Stop making pointless prequels!
Mark Pickavance attempts to upset both Star Trek and Star Wars fans in one article, a first even for him!
I was channel surfing the other day and came across Star Trek Enterprise, watched for five minutes and then muttered “what a pointless exercise that was” to myself. I’m a huge Trek fan, but even I can’t justify Enterprise – it’s beyond redemption.
Why would you base a series around the starship Enterprise they’d never mentioned, with the Captain that wasn’t worth reference? There isn’t an answer, because this was a story that never needed telling. From a TV viewpoint it took the once thriving franchise and sunk it deeper than whale doo.
But to be fair, Star Trek never again hit the high notes it had with the Borg episodes of Next Generation season 4, neither Deep Space 9 nor Voyager. But for all their faults both of those shows at least had their own timelines and lore, and in that respect had a freedom where they could reasonably go plot-wise.
But Enterprise didn’t have even that chance, because it predated the lore of the original series, to which it was sadistically glued! Why the concept didn’t get nixed before they made the pilot I’ve no idea, but it isn’t a mistake that Paramount been alone in making.
What possessed Lucas to make Star Wars I, II, III and not a subsequent trilogy? It was another story that didn’t need telling, if it had been then Lucas would have released The Phantom Menace in 1977, and we’d have been spared the rest of it, presumably. So after three overly long movies, what did we actually learn that we didn’t already know after the first trilogy? Umm… Anakin made C3PO, the storm troopers had originally been clones, and the Force is supposedly generated by microscopic organisms called midi-chlorians! Almost everything else important that happens from Phantom, Clones and Sith, we already knew. Had he chosen to tell the story of Luke and Leia’s decedents, then it would all have been fresh and fertile territory. But no, that wasn’t a possibility, because Lucas put ‘Episode IV’ at the front of Star Wars making him unable to deny the intrinsic power of numerical sequences.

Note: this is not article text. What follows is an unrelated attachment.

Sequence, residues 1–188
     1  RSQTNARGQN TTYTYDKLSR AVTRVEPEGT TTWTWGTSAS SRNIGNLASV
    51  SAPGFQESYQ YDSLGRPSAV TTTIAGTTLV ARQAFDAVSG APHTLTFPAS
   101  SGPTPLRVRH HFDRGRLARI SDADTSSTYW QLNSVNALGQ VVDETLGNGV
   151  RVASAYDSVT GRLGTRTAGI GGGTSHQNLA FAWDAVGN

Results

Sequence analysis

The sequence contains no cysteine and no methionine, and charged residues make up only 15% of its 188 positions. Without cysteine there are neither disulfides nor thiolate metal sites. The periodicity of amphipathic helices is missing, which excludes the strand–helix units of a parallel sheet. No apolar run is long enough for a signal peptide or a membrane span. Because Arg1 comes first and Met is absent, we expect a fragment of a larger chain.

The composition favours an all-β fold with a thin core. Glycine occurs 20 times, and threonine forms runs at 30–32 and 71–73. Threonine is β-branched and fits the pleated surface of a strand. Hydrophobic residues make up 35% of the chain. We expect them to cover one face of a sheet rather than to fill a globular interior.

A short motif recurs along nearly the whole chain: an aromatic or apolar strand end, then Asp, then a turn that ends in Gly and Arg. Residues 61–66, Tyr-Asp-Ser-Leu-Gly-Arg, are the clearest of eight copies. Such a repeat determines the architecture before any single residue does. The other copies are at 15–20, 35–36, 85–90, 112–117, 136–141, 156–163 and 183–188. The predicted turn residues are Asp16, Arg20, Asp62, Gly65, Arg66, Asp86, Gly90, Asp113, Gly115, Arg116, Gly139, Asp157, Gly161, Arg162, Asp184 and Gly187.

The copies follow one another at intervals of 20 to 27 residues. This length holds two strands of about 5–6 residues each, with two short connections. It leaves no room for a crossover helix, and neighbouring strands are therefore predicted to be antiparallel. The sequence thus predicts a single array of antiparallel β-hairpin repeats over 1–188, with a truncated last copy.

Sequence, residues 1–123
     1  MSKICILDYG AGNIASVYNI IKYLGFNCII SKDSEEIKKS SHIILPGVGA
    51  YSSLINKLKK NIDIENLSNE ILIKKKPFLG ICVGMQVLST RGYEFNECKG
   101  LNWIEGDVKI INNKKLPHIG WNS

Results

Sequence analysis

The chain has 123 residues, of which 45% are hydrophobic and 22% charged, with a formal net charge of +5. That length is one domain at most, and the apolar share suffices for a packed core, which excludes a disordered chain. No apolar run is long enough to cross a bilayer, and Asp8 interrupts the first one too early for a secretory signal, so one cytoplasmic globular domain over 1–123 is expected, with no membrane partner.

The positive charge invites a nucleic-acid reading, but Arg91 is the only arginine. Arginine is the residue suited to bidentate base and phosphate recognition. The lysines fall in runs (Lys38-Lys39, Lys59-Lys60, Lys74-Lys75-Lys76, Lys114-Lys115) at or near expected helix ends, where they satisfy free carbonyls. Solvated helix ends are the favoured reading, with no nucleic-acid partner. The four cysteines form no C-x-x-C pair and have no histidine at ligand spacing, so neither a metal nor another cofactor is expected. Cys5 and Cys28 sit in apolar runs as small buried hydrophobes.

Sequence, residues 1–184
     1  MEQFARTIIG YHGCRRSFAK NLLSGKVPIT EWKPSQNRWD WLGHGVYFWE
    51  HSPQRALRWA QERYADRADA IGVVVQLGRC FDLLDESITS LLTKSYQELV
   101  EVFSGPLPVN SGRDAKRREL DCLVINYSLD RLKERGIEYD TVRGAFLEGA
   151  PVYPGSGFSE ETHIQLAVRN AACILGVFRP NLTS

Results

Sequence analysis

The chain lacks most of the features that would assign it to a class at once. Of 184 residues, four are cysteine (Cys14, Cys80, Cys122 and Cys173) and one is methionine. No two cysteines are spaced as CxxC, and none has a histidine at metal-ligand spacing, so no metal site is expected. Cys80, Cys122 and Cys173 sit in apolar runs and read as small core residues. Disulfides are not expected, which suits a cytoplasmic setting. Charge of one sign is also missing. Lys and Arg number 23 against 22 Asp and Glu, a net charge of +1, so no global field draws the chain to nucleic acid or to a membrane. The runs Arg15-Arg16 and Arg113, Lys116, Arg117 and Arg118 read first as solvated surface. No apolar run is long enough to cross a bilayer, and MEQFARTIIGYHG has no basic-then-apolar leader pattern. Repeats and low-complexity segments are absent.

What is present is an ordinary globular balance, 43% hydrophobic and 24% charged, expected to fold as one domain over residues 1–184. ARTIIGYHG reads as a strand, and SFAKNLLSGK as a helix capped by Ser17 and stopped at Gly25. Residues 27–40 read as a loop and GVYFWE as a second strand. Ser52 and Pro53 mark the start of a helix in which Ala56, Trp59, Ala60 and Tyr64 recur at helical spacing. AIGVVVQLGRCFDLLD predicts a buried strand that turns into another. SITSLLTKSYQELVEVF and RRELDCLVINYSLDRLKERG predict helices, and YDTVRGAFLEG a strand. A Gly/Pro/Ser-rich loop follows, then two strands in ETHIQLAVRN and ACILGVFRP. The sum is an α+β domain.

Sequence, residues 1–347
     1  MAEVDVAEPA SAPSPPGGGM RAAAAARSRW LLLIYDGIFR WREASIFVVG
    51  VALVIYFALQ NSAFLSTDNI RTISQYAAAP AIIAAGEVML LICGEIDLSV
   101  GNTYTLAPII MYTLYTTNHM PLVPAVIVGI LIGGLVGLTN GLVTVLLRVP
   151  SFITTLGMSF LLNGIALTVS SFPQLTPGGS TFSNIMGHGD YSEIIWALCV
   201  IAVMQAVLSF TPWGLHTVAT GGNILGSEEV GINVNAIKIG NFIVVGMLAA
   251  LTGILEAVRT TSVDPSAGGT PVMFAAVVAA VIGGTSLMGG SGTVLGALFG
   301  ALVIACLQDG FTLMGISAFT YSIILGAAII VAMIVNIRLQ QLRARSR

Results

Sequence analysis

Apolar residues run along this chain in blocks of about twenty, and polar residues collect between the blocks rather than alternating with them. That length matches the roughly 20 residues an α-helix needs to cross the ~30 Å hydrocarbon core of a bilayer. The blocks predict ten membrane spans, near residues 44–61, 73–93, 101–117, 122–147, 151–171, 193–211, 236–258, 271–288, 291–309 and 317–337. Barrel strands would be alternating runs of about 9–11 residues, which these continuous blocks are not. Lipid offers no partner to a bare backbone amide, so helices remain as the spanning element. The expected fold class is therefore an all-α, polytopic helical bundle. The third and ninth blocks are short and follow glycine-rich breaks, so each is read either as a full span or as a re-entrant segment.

It’s a simple enough premise that I’m putting forward, that a story that’s unknown has a better chance of entertaining than one that’s globally telegraphed.
But back to pointless prequels, is this scenario a problem for the currently shooting Star Trek movie? Strangely, I don’t think it is. Because in the same way that Batman Begins wasn’t spoiled by the Burton directed Batmans (or the horrible ones that came after). Unless I’m completely off-base, the new Star Trek is a re-imagining that will create its own timeline, and maybe break some of the lore that’s previously being set. Some born-again TOS fans might get upset by these changes, but the whole exercise will be much more entertaining for it, I’d suggest. As long as it’s got that essential essence of Trek at its heart then I’m happy for them to re-imagine away, as I was with the Dark Knight post- batnipples.
So are any other movies confronting this challenge? Yes, specifically The Hobbit. Here it’s not exactly that we know what’s going to happen, but the Lord of the Rings has presented the ultimate fate of many characters in it. It all comes down to a choice; make it with exactly the same tone and pitch as the Lord of the Rings trilogy, so that it becomes part of that extended series. Or, does Guillermo del Toro make it totally different so that it stands alone. That’s his choice, and the inclusion of existing cast members does hint at the direction he’s taken, but only time will tell.
I’m sure some people will read this and say that Godfather II is actually a successful prequel of sorts, but for each one of those there are at least ten like Exorcist: The Beginning and Ewoks: The Battle for Endor. I only recently discovered that Indiana Jones and the Temple of Doom is technically a sequel, but nothing that happens in it has a bearing on the previous or subsequent films, so I’m not sure how relevant the chronology there is. That franchise had its own entire prequel TV series, The Young Indiana Jones Chronicles, but the connections between that and the movies always seemed tenuous at best to me.
But let’s go back to Star Wars again, with Lucas now determined to insert even more unnecessary stories. This time stuffed between Episodes II and III, The Clone Wars is arriving at the end of the summer.
What is it with Lucas? What’s wrong with new characters and stories set in the same universe, without rehashing the same names and dead-space in plot timelines?
Statistically prequels don’t usually work, for all the reasons I’ve mentioned, and for that reason I wish they’d stop making them.